Meet Andrew Alexander Funeral DirectorAndrew is a 1988 graduate of North High School, a 1992 graduate of DePauw University and a 1993 graduate of Cincinnati College of Mortuary Science. He has since served in the funeral industry and enjoys helping people in our community by making funeral planning easier and creating a special tribute to the lives of their loved ones.Andrew is a longtime member of the Rotary Club of Evansville and Holy Rosary Catholic Church. In his free time he volunteers for Habitat for Humanity of Evansville.Andrew grew up in Evansville, lived in Newburgh for 10 years after graduating college and now lives on the north side of Evansville with his wife, daughter and 2 sons. He enjoys spending time with his children and supporting their endeavors. He also enjoys playing a variety of sports and being outdoors.Andrew lives life with this Alan Wallace quote in mind: “Life is a flash of lightning in the dark of night. It is a brief time of tremendous potential.”FacebookTwitterCopy LinkEmail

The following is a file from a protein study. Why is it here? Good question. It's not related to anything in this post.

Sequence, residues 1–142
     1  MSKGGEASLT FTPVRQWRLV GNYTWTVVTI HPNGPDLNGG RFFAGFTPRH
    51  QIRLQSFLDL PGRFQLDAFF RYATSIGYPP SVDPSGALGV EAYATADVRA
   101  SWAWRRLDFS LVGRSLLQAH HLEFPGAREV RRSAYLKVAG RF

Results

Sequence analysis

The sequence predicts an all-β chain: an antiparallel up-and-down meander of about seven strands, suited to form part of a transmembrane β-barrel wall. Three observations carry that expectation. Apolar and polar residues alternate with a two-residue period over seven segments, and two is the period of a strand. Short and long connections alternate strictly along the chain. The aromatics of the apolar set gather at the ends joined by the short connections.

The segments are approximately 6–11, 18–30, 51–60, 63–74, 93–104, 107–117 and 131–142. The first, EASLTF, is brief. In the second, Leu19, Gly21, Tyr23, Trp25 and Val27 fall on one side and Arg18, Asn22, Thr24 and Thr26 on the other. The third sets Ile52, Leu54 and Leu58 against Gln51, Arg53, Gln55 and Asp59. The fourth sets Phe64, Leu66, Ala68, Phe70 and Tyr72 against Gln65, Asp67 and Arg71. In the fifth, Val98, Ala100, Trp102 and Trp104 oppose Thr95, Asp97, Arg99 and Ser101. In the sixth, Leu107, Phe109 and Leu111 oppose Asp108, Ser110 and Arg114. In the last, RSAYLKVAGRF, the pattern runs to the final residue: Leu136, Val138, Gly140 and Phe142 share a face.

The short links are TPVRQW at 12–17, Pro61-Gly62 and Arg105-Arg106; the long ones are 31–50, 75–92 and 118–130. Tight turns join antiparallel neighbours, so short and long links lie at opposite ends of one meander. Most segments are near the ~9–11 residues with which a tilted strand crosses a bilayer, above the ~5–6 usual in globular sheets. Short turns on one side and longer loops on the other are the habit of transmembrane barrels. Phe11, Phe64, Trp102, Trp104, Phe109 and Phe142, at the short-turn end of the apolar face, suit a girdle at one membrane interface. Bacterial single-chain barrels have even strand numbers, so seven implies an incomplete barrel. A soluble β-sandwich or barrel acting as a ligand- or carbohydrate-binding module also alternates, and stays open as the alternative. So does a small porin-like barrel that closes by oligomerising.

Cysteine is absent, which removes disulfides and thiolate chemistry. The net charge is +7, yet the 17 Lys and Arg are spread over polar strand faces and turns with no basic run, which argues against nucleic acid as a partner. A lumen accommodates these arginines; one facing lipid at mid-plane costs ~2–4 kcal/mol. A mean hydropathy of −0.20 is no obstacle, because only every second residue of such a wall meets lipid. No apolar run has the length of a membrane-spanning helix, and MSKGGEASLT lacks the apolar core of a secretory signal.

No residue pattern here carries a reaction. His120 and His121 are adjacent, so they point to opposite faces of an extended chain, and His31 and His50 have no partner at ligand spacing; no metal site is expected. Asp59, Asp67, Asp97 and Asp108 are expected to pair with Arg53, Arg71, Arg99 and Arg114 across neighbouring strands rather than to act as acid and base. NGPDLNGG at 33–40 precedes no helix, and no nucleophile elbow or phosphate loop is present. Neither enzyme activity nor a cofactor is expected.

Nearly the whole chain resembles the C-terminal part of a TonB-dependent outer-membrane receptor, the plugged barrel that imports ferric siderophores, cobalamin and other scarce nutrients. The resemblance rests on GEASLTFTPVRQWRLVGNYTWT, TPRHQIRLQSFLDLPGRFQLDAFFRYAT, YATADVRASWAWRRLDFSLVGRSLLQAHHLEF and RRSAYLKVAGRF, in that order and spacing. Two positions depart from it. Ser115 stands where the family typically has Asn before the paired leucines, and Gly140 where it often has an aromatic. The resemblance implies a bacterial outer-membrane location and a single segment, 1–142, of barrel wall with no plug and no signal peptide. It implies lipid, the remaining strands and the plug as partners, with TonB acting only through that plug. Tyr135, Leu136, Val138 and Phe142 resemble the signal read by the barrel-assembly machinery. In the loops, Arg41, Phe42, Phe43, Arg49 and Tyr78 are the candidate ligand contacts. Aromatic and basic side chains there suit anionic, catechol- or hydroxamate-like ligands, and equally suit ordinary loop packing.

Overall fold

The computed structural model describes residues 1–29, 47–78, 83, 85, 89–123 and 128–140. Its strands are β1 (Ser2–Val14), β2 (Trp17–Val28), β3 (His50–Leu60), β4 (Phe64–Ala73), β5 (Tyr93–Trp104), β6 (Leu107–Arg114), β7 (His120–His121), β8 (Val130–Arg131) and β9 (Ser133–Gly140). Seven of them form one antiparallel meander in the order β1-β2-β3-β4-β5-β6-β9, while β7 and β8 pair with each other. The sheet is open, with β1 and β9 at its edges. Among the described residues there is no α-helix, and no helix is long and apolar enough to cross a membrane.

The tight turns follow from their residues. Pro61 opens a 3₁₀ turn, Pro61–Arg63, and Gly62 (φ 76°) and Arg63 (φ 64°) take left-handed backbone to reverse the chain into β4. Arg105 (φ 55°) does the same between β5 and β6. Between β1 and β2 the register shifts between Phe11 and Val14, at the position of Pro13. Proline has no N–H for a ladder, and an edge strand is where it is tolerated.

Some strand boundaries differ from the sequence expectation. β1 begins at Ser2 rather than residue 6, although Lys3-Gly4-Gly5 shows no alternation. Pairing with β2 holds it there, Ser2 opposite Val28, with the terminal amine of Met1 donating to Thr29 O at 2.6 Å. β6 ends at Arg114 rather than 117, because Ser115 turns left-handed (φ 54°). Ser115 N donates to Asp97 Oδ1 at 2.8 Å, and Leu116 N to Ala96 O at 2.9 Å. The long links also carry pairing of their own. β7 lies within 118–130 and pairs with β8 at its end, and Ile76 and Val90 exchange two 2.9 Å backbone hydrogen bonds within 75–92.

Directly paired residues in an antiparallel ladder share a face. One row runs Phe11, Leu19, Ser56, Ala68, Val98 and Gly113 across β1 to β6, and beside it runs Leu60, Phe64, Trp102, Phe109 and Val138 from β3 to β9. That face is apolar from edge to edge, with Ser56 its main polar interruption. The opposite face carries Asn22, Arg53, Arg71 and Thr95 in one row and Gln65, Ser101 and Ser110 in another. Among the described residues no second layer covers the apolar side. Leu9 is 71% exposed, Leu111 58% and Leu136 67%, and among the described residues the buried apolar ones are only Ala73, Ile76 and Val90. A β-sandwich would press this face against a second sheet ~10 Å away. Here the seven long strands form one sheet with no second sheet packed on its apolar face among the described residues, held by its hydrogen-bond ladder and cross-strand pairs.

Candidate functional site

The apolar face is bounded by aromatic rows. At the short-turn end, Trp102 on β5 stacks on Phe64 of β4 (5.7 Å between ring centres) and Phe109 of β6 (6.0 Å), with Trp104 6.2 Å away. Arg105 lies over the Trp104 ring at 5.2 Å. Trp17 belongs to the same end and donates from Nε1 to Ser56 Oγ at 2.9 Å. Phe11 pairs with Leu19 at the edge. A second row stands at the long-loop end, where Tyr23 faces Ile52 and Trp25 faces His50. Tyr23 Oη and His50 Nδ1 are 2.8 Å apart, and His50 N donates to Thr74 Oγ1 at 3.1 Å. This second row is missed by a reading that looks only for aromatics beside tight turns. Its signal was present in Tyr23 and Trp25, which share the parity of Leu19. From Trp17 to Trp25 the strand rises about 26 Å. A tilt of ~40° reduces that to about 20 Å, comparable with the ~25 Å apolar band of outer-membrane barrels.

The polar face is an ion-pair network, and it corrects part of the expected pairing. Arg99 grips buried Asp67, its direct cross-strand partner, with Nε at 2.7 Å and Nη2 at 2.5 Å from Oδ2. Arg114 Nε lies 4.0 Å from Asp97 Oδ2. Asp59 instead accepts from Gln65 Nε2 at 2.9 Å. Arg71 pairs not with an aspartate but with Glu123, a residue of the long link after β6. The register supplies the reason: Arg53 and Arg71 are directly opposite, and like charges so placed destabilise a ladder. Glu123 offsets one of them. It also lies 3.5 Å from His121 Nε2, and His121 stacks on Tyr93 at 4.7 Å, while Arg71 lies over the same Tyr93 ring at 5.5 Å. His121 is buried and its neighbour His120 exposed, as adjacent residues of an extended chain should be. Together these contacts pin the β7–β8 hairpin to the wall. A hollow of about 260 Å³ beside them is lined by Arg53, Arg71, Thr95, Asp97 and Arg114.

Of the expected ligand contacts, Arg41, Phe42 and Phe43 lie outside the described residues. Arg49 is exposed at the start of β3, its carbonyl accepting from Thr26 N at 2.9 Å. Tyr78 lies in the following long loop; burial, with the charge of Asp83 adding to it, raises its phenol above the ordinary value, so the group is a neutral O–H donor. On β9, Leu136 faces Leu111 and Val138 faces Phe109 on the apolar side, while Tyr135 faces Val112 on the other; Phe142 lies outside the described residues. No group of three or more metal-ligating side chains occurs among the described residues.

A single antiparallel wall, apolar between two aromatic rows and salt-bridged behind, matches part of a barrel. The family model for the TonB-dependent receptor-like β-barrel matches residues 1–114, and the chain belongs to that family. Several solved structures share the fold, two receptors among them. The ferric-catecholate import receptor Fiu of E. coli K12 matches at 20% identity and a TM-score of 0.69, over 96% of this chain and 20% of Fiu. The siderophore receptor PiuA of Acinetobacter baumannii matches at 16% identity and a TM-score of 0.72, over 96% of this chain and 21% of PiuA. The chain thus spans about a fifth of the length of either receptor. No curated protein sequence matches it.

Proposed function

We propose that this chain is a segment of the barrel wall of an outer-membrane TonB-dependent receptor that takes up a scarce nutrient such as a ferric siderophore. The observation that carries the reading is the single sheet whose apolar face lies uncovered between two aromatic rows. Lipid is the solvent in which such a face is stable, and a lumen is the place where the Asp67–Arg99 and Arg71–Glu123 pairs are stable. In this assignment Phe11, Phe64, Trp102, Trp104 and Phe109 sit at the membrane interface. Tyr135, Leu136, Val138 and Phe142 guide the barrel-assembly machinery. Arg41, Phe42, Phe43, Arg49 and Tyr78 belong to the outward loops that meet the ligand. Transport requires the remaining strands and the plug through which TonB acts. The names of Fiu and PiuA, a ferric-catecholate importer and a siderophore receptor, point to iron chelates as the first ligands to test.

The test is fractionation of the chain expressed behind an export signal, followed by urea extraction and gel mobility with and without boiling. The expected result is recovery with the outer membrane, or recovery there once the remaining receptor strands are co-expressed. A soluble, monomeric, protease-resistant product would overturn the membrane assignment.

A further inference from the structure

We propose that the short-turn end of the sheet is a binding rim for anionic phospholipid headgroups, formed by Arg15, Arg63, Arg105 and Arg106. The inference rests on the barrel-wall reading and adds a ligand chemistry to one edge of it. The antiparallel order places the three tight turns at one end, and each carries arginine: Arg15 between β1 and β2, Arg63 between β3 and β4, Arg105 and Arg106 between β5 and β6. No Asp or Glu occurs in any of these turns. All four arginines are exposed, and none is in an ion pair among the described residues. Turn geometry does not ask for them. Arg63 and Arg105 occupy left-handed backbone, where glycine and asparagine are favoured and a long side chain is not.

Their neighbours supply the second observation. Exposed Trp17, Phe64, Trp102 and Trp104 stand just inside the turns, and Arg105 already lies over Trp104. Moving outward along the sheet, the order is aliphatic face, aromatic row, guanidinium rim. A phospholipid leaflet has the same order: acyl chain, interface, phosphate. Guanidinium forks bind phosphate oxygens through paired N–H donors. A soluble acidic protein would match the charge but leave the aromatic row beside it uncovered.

Bayonne Recreation Renegades Youth Football players were able to pick out new football gear and apparel thanks in part to Modell’s Sporting Goods and NY Jets Player Terrence Brooks!
for Northern Ireland have put Allied Bakeries Ireland (ABI) as Belfast’s top-selling bakery, showing that the company controls the top two bread brands in the province.ABI claimed to have held the top spot in Northern Ireland’s bread industry with its flagship brand Kingsmill for eight years and the figures reveal that another of its bread brands, Sunblest, is now at number two, having grown from an 8% unit share of Northern Ireland’s bread market to a 12.3% share since January this year. ABI marketing executive Andrew Hollywood said: “During 2007, we invested heavily in Sunblest and customers saw the first advertising campaign for the brand in over 20 years, when we aired the ’How Very Veda!’ campaign late last year. In 2008 customers will see a lot of improvements to our current Sunblest range.”